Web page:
If you’ve been around the Internet much at all you’ve probably heard of Guy Kawasaki. The former chief evangelist at Apple (what a great job title!), he’s now the chief evangelist at the online graphic design company Canva (which I have played with a little and is pretty cool).
He’s also intensely involved in social media, and, along with marketing pro Peg Fitzpatrick, he’s sharing some of his tips for social media success without (so much) struggle in his brand new (released today) book The Art of Social Media: Power Tips for Power Users. (That’s an Amazon link but I’m not an affiliate because they hate Arkansas.)
This is not a beginner’s book to social media. It won’t tell you how to set up a Facebook account or why you should be on Pinterest. It also doesn’t suggest that “making it” in social, whatever that means, is a quick or easy process, or that the same things that work for one person will work for another or that they will continue to work all the time (Facebook, we’re looking at you).
What it does offer is quick, digestible, actionable items you can do today and keep working on to gain more followers and engagement.
It’s All About Content
At its foundation, social media is simple: if you share good stuff, people will reshare it, and you’ll get more interaction and more followers. Everything else is optimization (or delusion).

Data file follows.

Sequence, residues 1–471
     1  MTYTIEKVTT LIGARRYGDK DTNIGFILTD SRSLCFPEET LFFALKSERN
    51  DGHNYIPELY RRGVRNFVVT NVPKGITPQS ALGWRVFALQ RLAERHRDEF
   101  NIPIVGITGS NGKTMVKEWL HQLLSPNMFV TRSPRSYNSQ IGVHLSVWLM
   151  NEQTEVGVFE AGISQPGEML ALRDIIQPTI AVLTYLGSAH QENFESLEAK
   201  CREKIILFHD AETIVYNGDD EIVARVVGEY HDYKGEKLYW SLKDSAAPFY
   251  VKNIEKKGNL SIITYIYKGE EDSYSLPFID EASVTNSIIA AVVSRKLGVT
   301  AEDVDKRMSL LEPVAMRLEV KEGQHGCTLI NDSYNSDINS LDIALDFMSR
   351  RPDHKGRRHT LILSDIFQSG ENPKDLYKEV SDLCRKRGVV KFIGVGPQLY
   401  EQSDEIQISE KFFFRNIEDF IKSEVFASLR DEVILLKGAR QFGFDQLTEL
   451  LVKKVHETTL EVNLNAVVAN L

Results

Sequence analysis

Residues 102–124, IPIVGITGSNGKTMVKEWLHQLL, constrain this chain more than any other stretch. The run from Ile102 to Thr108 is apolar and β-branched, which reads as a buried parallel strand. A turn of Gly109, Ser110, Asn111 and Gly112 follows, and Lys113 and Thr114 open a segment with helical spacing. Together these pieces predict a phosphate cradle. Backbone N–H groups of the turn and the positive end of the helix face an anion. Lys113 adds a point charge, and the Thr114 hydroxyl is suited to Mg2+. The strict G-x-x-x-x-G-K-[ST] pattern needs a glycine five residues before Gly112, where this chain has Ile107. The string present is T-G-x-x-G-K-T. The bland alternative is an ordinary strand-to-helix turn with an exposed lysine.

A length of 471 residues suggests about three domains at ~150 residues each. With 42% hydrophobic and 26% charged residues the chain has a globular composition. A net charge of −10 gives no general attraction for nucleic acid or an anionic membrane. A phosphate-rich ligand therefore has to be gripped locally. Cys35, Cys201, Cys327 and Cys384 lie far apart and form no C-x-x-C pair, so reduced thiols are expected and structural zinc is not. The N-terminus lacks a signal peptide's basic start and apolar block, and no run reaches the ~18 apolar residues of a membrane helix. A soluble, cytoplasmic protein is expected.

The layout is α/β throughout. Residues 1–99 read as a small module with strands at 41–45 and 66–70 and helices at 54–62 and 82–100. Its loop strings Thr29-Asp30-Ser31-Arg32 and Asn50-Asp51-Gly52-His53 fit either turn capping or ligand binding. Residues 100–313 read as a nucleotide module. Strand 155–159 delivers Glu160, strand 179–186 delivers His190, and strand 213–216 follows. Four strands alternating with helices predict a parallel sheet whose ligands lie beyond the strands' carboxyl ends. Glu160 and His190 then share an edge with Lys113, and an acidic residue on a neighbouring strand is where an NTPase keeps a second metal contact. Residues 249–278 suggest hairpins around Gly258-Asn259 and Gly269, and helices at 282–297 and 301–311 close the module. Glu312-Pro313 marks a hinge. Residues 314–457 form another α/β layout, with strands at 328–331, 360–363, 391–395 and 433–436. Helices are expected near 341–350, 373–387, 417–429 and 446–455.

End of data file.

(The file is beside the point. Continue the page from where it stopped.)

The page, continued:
Kawasaki and Fitzgerald advocate “aggressive sharing practices” that include posting on Twitter up to 25 times a day and repeating posts as often as four times to increase views and engagement. That clearly works for him — and he says your right audience will accept all that noise — but I don’t think I would go that far. For one thing, it takes a long time to find all that content; for another, I think I’d get tired of myself after a while.
The key is to find things that your audience is interested in and to share them in such a way that your followers will reshare them.
“Resharing, not imitation, is the sincerest form of flattery on social media,” Kawasaki writes. The book suggests lots of places to find things to share and offers some ideas of how to keep on top of the “content monster.”
How tos and Strategies
The book includes tips on optimization for different platforms; how to rock special events, Google + hangouts on the air and Twitter parties; how to avoid looking clueless on different platforms; and how to integrate social media and blogging.
There are 10 steps to “Peg” your posts, showing what Fitzgerald does when promoting her posts different places online.
There’s also a chapter called “Putting it All Together” that is focused on how to launch a nonfiction book in social media but also provides great ideas for other products or services you might be promoting online.
This book is a quick read that will leave you with a lot of to-dos and hopefully have you looking at social media as a tool that’s a little less overwhelming than it might feel right now.